The Dana region crosses the full range of elevation and climate across the western front of the Edom mountains, dipping from the juniper-forested highlands to the parched Araba Valley and climbing back up again. A handful of Bedouin villages are the only sign of civilization you may see while hiking, but the remains of past civilizations still haunt the landscape. The ruins of an ancient mining operation at Feynan are surrounded by enormous slag heaps, evidence of ancient industry; Little Petra was a waystation and inn for merchants on the Nabateans’ long-distance trade routes; and Petra itself, needing no introduction, is one of the crown jewels of the world, with its thoroughly unique cliff-carved architecture and the exquisitely-fashioned facades of its royal tombs.
The route from Dana to Petra is a natural wonderland as well; students of geology and wildlife will find the desert mountains an inviting study in the region’s environment, and the wild beauty of the trail will captivate anyone. The trek is a challenging one, but every climb into the canyons and crags brings more breathtaking views, and the surprises like flowing, shaded streams and elegant cliff dwellings make sure there is never a dull moment along the way.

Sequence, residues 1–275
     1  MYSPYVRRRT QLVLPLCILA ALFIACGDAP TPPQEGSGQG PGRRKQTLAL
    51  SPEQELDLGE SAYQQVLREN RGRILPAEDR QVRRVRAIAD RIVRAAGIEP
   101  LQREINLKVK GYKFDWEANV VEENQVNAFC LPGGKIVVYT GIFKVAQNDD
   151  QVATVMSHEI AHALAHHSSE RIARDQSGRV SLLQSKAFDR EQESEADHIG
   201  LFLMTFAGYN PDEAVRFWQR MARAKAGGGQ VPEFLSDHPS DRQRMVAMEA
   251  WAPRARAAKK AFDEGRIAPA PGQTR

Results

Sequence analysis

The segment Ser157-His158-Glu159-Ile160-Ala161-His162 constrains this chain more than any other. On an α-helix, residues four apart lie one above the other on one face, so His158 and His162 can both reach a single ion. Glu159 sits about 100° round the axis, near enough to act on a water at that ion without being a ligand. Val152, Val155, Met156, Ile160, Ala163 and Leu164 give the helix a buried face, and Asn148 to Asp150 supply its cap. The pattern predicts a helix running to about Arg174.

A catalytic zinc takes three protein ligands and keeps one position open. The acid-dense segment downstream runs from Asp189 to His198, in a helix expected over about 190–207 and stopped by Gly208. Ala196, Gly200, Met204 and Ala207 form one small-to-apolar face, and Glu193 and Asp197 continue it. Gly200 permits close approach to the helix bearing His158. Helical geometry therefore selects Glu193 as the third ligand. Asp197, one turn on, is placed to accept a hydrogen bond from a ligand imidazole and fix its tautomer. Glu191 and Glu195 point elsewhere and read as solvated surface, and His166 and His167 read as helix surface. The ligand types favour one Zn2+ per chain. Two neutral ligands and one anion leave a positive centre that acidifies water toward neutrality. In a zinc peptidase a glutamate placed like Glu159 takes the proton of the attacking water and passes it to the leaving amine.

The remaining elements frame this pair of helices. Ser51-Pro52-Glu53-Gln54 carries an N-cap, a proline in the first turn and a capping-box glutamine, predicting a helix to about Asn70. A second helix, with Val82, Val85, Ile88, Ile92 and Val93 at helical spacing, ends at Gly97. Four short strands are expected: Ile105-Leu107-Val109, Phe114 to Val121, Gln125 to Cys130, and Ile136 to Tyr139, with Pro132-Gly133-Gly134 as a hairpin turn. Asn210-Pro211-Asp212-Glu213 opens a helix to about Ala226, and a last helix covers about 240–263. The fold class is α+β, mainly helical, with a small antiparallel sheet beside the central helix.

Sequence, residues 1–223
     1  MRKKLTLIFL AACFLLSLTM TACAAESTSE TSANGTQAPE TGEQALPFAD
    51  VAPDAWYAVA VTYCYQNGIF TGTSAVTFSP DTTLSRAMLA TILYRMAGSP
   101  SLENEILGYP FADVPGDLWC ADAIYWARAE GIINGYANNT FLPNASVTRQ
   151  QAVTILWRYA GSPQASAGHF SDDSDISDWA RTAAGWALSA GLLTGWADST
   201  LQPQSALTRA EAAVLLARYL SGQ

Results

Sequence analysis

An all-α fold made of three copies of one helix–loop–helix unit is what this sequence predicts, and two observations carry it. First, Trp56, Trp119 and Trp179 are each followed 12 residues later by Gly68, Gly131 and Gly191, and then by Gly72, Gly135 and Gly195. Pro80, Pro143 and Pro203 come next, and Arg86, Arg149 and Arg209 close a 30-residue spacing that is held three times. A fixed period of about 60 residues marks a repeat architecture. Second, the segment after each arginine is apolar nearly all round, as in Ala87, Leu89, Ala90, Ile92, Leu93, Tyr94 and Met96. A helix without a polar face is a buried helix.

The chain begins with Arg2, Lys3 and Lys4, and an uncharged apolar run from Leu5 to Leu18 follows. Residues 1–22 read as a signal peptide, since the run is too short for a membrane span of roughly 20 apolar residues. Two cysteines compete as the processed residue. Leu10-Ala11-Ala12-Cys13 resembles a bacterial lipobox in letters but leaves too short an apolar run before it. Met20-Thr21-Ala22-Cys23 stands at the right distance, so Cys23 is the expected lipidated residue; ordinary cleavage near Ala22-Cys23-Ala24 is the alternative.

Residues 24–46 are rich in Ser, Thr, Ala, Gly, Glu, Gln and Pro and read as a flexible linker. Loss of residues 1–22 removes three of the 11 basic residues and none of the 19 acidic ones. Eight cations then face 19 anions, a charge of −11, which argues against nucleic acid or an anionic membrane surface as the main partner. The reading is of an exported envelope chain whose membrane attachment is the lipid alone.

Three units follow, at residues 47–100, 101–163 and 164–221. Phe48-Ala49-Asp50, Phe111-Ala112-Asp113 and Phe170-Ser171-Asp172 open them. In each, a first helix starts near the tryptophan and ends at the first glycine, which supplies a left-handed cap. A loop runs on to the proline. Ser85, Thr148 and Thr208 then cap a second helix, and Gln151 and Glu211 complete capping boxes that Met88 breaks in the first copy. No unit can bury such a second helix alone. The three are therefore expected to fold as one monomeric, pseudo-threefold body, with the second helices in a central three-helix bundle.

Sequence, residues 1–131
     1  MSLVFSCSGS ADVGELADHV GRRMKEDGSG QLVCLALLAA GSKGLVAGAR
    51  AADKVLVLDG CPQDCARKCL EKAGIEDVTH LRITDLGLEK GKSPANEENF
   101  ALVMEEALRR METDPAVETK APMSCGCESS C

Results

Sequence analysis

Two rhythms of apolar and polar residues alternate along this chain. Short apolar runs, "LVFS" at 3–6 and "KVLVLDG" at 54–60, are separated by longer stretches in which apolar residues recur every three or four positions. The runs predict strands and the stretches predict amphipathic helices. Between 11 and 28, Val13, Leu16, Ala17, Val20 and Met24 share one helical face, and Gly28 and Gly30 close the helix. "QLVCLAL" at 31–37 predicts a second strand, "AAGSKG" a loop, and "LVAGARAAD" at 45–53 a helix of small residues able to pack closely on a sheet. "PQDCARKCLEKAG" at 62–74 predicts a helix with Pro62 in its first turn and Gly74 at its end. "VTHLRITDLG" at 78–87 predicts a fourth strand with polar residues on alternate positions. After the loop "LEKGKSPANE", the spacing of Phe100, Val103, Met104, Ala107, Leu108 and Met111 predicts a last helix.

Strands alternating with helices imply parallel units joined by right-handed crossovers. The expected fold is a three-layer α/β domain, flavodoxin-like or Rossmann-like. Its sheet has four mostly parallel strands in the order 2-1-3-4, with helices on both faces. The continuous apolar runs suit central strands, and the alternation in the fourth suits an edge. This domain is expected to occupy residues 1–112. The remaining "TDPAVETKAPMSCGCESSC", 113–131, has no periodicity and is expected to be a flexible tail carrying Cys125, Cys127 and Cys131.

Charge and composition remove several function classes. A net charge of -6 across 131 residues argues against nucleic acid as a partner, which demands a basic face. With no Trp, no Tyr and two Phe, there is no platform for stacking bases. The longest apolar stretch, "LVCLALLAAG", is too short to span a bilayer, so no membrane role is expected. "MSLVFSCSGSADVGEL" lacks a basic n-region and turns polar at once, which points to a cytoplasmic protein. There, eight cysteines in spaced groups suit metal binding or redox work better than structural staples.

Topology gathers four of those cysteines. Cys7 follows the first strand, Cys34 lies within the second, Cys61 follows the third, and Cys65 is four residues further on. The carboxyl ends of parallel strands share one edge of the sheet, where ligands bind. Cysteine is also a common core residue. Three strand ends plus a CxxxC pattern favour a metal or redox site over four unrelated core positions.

Four stages from Dana village to Petra divide the walk into a strenuous but doable itinerary; those opting to wild camp will find many more options for taking the region at their own pace. The trail can be done with vehicle support (a truck providing luggage transfer and supplies and food and water to each campsite ) or as an unsupported backpacking trip; in the latter case, travelers will need to bring enough food for the entire walk, and plan their route around the availability of water, which is shown in the maps, elevation profiles, and GPX files for the region.
For walking in this region, the Jordan Trail is recommended. Find detailed resources on www.jordantrail.org